“In vain have I struggled. It will not do. My feelings will not be repressed. You must allow me to tell you how ardently I admire and love you.”
In spite of her deeply-rooted dislike, she could not be insensible to the compliment of such a man’s affection, and though her intentions did not vary for an instant, she was at first sorry for the pain he was to receive; till, roused to resentment by his subsequent language, she lost all compassion in anger. She tried, however, to compose herself to answer him with patience, when he should have done. He concluded with representing to her the strength of that attachment which, in spite of all his endeavours, he had found impossible to conquer; and with expressing his hope that it would now be rewarded by her acceptance of his hand. As he said this, she could easily see that he had no doubt of a favourable answer. He spoke of apprehension and anxiety, but his countenance expressed real security. Such a circumstance could only exasperate farther, and when he ceased, the colour rose into her cheeks, and she said,
“In such cases as this, it is, I believe, the established mode to express a sense of obligation for the sentiments avowed, however unequally they may be returned. It is natural that obligation should be felt, and if I could feel gratitude, I would now thank you. But I cannot — I have never desired your good opinion, and you have certainly bestowed it most unwillingly. I am sorry to have occasioned pain to any one. It has been most unconsciously done, however, and I hope will be of short duration. The feelings which, you tell me, have long prevented the acknowledgment of your regard, can have little difficulty in overcoming it after this explanation.”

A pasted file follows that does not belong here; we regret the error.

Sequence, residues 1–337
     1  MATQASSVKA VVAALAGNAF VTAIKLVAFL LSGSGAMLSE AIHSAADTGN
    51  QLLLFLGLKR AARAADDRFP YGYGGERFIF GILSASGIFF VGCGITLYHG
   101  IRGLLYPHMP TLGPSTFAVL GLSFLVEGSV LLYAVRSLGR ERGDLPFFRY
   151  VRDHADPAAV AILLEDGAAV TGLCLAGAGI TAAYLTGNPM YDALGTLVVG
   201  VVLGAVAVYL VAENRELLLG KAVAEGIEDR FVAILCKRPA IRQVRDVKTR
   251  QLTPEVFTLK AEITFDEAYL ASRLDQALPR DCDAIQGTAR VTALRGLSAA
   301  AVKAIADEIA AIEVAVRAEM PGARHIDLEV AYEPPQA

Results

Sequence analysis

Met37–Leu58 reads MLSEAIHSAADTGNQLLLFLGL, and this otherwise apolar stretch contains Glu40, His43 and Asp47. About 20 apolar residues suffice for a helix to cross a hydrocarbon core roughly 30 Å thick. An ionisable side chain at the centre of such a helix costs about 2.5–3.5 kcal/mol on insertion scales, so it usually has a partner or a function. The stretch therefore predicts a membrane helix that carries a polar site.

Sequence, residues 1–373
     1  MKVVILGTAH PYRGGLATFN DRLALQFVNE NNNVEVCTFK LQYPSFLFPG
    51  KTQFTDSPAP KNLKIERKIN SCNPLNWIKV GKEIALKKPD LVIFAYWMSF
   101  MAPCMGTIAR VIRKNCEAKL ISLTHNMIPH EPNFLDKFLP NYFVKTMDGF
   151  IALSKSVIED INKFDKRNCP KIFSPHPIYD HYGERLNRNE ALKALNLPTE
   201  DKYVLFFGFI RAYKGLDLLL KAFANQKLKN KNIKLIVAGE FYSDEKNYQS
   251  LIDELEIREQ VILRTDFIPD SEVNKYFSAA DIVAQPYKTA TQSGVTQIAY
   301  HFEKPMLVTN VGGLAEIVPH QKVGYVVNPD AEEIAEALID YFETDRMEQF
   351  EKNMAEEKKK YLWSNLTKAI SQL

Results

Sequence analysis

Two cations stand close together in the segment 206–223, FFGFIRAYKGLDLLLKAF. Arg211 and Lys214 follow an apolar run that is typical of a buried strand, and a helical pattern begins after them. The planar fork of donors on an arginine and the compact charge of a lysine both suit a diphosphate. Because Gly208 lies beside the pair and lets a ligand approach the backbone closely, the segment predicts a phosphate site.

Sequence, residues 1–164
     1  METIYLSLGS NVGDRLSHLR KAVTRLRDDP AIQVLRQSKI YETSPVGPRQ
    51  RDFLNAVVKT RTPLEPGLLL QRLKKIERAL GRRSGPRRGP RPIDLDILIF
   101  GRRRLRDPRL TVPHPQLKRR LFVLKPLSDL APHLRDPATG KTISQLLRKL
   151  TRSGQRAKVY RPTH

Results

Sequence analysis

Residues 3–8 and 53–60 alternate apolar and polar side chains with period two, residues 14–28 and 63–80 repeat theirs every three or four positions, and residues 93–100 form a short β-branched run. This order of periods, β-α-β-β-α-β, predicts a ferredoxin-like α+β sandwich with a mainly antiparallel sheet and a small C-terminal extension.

Mr. Darcy, who was leaning against the mantle-piece with his eyes fixed on her face, seemed to catch her words with no less resentment than surprise. His complexion became pale with anger, and the disturbance of his mind was visible in every feature. He was struggling for the appearance of composure, and would not open his lips, till he believed himself to have attained it. The pause was to Elizabeth’s feelings dreadful. At length, in a voice of forced calmness, he said,
“And this is all the reply which I am to have the honour of expecting! I might, perhaps, wish to be informed why, with so little endeavour at civility, I am thus rejected.” — Pride & Prejudice (1813), Chapter XI of Volume II (Chap. 34)
54 Then they seized him and led him away, bringing him into the high priest’s house, and Peter was following at a distance. 55 And when they had kindled a fire in the middle of the courtyard and sat down together, Peter sat down among them. 56 Then a servant girl, seeing him as he sat in the light and looking closely at him, said, “This man also was with him.” 57 But he denied it, saying, “Woman, I do not know him.” 58 And a little later someone else saw him and said, “You also are one of them.” But Peter said, “Man, I am not.” 59 And after an interval of about an hour still another insisted, saying, “Certainly this man also was with him, for he too is a Galilean.” 60 But Peter said, “Man, I do not know what you are talking about.” And immediately, while he was still speaking, the rooster crowed. 61 And the Lord turned and looked at Peter. And Peter remembered the saying of the Lord, how he had said to him, “Before the rooster crows today, you will deny me three times.” 62 And he went out and wept bitterly.